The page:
Looks like RBC just upped two of it’s mortgage rates by one fifth of a point.
What will we do without our record low mortgage rates?
It’s probably just a minor fluctuation, but other banks are expected to follow as bond yields have edged up in the last month.
So if you want to do a rate lock in now might be the time.
Helmut Pastrick of Central One Credit Union explains:
“Sentiment has improved with respect to Europe and the economic outlook,” Pastrick said. “The economic news was quite negative for a period of weeks and now it is somewhat less negative.”
RBC’s posted rate for a three-year, fixed-rate mortgage will go up 0.2 percentage points to 4.05 per cent. Meanwhile, an RBC special-offer rate for five-year closed mortgages rises to 3.69 per cent.
The rise in the cost of funds for banks will mean other lenders will probably also raise their rates, or absorb some of the cost increase to hold onto or gain market share,” Pastrick said.
Read the full article over at the Vancouver Sun.
Yeah, sales are down across Canada and prices as well.
Average prices across the nation dropped 2% in July on a Year over Year basis.
But it’s really not as bad as it sounds.
That national average is mostly being dragged down by Vancouver where average prices fell 12.2% in July according to the CREA.
So mostly it’s the Vancouver real estate market where prices shot through the roof and are now falling back to earth that is dragging down the national average.
No Canadian real estate market crash yet.
If you haven’t seen it yet, you should really check out this post by Ben Rabidoux over at The Economic Analyst.
This report was put together mid-June and things haven’t gotten any better since then.
It’s a lot of stuff you already know, but some data you may not have seen and it’s jam packed with beautiful charts.
Check out the how the BC economy has grown in construction, but flatlined outside:
And there’s this little data point as well:
Before diving into the data, consider this fun anecdote: There are currently over 5,000 homes in Vancouver metro area for sale for over $1 million according to MLS.ca. In comparison, the NAR reports that in April, just over 7,000 homes sold in the entire US were sold for over $1 million. And this despite the fact that the US population is 135X greater than the metro Vancouver market, the average personal disposable income in the US is 20% higher than the Vancouver average ($37,100 vs. $30,800) while US per capita GDP is higher than the average for all of BC.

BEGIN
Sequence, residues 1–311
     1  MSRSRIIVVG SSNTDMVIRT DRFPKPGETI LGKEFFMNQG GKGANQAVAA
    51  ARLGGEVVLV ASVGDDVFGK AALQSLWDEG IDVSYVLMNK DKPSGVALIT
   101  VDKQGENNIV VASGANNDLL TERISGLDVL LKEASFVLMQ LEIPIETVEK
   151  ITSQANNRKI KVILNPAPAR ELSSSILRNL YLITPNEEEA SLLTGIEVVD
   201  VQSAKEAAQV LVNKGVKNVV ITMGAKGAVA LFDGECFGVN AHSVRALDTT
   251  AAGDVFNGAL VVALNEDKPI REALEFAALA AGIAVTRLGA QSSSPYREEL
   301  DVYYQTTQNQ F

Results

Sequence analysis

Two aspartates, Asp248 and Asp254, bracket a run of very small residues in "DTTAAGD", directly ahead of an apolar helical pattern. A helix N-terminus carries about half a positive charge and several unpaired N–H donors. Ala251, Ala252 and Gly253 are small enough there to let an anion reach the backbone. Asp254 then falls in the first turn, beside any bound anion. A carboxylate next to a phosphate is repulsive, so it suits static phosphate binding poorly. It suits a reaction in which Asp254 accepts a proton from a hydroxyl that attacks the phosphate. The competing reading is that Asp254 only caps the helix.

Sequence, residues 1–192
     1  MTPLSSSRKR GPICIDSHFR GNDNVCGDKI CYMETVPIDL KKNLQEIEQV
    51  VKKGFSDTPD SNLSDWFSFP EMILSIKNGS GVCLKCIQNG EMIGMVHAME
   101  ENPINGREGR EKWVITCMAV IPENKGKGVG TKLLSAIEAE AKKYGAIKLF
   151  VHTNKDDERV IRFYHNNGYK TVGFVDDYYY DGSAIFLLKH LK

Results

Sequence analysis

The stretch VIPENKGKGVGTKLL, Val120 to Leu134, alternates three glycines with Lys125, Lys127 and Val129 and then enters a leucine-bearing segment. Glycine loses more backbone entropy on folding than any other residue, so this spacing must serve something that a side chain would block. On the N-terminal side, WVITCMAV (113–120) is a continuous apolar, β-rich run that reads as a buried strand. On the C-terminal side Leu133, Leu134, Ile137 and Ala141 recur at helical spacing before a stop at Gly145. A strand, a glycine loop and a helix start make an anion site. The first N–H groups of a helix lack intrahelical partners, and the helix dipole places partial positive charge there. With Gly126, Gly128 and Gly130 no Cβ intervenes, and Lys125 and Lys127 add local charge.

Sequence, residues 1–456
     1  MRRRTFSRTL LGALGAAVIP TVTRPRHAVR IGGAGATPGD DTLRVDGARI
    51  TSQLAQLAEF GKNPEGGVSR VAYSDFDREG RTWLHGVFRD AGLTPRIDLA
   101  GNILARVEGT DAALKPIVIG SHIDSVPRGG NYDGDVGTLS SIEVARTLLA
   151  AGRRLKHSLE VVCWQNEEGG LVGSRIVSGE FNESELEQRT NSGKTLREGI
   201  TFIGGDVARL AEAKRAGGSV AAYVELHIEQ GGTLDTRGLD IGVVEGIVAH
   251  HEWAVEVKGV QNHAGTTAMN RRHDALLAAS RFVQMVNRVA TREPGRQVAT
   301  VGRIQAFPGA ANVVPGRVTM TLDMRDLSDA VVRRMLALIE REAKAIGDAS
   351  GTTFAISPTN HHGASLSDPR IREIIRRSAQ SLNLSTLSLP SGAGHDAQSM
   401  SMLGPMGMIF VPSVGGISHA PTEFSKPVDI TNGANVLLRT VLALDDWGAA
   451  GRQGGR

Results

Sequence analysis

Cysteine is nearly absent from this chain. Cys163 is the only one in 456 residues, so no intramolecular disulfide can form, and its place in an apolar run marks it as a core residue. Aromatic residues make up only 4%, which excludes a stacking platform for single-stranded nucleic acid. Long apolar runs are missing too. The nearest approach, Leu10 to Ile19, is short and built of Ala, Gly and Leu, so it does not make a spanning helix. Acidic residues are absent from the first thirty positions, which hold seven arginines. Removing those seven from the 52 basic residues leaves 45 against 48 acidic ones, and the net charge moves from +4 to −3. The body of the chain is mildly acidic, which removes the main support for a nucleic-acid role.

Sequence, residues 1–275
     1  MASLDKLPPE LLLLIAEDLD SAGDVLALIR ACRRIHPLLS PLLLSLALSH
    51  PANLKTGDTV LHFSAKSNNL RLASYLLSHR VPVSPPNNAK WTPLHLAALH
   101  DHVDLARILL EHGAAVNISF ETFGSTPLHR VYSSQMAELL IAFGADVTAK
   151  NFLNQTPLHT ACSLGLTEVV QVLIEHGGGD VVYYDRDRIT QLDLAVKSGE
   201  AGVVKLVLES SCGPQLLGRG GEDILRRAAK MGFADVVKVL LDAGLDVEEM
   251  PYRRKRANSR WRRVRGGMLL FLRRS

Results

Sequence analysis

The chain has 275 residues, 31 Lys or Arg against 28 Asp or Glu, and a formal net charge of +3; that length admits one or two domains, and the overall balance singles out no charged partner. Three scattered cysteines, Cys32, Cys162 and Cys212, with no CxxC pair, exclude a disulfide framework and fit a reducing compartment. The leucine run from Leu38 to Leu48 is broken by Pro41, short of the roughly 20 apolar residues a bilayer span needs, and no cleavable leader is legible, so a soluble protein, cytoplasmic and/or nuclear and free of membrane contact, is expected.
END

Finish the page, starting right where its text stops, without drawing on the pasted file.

Do yourself a favour and read the full post over at The Economic Analyst if you haven’t already.
It’s that time of the week again! Friday is when we do our regular end of the week news roundup and open topic discussion thread for the weekend. Here are a few links to kick off the chat:
–Vancouver market in full retreat
–Championship of lost sales
–REBGV news release for July 2012
–GVREB news release for July 2012
–How much $ has left the economy?
–New site forces realtors to compete
–‘Think Housing’ contest winners
–BCSC alleges million $ fraud
–No new steps to cool market
–New framework for credit unions
–Global slowdown dashes hopes
–Unsold Toronto condos growing
And here’s a couple of charts, the first one is from VMD and shows what the average Vancouver house price has done in the last two years:
This second chart is from Ben Rabidoux and was linked by Jesse – you can draw on your own red line for July:
So what are you seeing out there? Post your news links, thoughts and anecdotes here and have an excellent weekend!
It’s not just Vancouver house sales that are heading down.
Business confidence in Canada dipped for a fourth month in a row and is now at a 3 year low.
This according to a survey from the Canadian Federation of Independent Business.
The last time it was lower was in July of 2009, when it stood at 58.6.
CFIB chief economist Ted Mallett says the index’s current position in relation to gross domestic product puts it very close to the zero-growth mark, suggesting Canada’s economy is nearing a standstill.
On Tuesday, Statistics Canada reported the economy had grown a disappointing 0.1 per cent in May, leaving the pace of the recovery at slightly below two per cent on an annualized basis.
The CFIB says confidence declined in July even in resource-rich provinces like Alberta, which saw a drop of three points to 70.3.
So taking out a home equity loan to fund your underperforming small business? Maybe not such a good idea unless the revenue is there.